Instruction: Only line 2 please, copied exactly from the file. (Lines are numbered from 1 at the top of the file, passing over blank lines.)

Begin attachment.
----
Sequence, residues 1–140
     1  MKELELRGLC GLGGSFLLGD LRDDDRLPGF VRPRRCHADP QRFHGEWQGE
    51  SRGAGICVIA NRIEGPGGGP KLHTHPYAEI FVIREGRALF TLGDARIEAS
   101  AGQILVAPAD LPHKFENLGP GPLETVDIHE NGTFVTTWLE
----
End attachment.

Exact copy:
     1  MKELELRGLC GLGGSFLLGD LRDDDRLPGF VRPRRCHADP QRFHGEWQGE